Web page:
Iran’s Ministry of Health has so far granted licenses to 22 medical tourism companies with the aim of organizing authorized facilitators for the booming business.
“So far, 22 medical tourism companies have been licensed by the Ministry of Health, while 180 others are in the process of obtaining licenses,” Saeid Hashemzadeh the head of the ministry’s medical tourism department, said on Saturday.
One of the major drawbacks of health tourism in Iran was that those who are active in this field were often unidentified and they were needed to be organized so as to complete the health tourism services chain, the official noted.
The biggest problem was the lack of specialized medical tourism facilitation companies to advertise and promote the country’s medical capabilities abroad and offer classified services to foreign patients. This vacuum was preparing the ground for unauthorized dealers to do so overseas, Hashemzadeh explained.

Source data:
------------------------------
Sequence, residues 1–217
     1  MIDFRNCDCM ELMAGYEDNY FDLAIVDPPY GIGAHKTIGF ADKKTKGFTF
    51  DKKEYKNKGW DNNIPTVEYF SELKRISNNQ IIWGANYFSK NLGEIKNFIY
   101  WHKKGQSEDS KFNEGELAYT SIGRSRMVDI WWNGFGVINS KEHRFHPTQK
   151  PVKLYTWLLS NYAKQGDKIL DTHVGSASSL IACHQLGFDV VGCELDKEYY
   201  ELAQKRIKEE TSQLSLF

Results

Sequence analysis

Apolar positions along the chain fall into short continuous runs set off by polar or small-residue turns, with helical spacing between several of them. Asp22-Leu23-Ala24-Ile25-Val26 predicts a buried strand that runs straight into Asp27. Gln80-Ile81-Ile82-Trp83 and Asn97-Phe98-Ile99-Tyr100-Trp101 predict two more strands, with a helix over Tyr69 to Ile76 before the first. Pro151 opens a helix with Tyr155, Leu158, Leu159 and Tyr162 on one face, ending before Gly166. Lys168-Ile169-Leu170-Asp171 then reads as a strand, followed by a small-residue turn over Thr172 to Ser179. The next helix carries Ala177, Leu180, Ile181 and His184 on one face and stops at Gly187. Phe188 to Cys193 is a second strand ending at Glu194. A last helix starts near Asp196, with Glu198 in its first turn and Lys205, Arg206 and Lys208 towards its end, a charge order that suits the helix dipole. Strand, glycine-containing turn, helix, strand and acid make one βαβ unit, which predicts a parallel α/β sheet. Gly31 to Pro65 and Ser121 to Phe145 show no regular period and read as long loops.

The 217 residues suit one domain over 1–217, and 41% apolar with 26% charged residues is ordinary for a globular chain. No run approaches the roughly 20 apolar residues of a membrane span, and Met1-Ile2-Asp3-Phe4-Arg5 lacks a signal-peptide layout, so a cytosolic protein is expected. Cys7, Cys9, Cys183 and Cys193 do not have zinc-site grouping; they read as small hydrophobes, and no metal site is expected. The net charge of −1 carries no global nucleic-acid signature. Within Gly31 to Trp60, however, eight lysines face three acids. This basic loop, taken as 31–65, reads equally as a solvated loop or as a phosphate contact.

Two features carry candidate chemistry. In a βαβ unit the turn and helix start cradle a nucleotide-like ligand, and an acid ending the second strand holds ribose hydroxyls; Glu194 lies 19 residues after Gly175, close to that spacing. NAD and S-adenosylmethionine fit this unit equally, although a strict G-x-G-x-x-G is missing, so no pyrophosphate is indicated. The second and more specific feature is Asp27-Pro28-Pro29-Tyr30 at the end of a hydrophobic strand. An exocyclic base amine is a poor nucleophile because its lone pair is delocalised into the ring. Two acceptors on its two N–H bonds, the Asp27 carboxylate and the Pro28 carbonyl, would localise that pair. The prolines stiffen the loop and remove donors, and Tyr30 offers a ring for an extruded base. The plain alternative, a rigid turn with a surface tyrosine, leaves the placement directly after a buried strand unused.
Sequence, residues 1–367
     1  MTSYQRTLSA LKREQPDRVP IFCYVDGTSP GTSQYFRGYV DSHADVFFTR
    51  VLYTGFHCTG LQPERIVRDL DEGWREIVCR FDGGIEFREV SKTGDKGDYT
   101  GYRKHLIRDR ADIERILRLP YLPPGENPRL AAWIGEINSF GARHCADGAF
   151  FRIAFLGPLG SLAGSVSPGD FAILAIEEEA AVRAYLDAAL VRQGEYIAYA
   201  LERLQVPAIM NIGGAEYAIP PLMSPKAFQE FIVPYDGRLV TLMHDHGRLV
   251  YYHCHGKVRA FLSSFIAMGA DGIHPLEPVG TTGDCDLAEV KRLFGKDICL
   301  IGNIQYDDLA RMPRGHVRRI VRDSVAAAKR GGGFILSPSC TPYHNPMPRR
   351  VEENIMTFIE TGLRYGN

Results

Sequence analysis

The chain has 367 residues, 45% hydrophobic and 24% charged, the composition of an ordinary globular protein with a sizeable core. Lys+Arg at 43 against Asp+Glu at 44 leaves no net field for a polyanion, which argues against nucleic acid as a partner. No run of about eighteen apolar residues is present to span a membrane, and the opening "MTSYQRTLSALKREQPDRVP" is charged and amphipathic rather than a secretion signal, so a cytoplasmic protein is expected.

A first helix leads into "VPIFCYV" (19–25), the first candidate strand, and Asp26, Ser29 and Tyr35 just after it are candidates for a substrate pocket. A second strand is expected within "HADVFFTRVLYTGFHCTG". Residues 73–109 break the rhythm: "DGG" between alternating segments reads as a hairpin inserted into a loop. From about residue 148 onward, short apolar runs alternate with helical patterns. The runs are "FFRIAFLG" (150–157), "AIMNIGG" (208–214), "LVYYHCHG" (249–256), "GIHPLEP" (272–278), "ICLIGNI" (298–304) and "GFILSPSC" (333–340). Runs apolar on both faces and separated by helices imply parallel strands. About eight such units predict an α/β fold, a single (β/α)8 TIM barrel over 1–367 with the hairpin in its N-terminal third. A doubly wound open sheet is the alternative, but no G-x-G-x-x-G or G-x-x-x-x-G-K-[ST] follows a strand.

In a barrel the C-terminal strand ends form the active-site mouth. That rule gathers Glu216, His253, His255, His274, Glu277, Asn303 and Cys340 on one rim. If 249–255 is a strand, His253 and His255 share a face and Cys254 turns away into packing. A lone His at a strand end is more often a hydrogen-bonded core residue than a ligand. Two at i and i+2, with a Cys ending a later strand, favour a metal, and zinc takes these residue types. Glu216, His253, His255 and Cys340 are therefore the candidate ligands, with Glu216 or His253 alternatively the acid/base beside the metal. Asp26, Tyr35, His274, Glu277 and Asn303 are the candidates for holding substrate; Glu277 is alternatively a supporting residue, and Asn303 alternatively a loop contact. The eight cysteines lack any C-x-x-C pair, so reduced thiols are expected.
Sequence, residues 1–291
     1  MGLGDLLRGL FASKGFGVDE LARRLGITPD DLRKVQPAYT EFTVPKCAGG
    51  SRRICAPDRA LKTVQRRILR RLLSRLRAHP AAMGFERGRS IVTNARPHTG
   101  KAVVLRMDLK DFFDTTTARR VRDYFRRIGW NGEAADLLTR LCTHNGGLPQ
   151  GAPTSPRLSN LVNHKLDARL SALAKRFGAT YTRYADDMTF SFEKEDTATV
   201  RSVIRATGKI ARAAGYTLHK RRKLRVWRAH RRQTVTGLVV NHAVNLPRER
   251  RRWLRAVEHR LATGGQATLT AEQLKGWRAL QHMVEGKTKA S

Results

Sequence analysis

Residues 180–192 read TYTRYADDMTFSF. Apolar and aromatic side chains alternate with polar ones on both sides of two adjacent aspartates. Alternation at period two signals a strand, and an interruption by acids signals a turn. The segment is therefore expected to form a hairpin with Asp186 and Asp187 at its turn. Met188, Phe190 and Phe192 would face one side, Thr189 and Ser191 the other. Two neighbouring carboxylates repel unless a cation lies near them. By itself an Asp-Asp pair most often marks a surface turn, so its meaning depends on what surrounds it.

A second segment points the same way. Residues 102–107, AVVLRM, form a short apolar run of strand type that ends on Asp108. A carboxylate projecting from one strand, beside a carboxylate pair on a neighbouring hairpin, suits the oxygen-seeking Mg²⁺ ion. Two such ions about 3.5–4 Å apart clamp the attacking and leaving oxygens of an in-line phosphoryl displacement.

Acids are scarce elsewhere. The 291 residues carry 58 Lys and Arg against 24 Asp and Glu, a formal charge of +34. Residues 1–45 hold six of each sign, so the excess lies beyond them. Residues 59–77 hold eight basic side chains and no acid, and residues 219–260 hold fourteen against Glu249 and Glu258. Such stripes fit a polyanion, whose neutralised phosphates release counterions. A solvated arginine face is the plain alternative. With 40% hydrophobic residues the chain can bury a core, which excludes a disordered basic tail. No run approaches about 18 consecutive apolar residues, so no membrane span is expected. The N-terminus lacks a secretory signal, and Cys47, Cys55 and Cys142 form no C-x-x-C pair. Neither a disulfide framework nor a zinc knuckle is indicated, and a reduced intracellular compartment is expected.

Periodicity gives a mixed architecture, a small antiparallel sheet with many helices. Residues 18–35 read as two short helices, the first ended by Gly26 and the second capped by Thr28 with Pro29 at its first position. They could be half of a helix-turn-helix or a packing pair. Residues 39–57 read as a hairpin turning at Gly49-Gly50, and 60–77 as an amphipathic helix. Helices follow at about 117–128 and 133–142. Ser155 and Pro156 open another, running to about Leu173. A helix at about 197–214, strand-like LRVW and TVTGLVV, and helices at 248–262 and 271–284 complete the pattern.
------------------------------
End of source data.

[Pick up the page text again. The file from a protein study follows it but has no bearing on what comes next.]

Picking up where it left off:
“Services, provided by anonymous and unidentified brokers, have caused many problems, even some foreign patients were referred to medical centers, which were not confirmed by the Ministry of Health.”
The official added that a problem, which is still in place in some cases and could destroy Iran’s medical credibility worldwide, is the number of foreign patients who are willing to pursue their treatments in Iran may gradually decrease over time.
In July, Hashemzadeh had announced that Iranian hospitals admitted 70,000 foreign patients over the last Iranian calendar year (March 2018 – March 2019), adding some 90% of foreign patients in Iran are from Afghanistan, Iraq, Azerbaijan, Kuwait, Oman, Bahrain and other countries around the Persian Gulf.
The Islamic republic hosted a record high of nearly 600,000 medical travelers during the first four months of the current Iranian calendar year (March 21-July 21), nearly equal to the figure for the whole past year, according to an Iranian association for the health tourism promotion.
Many domestic experts say that medical tourism in Iran produces win-win outcomes as the country yields considerable benefits to international health-care seekers, offering affordable yet quality treatment services.
The country has set its goals to exceed its yearly medical travelers to around 2 million in March 2025-March 2026.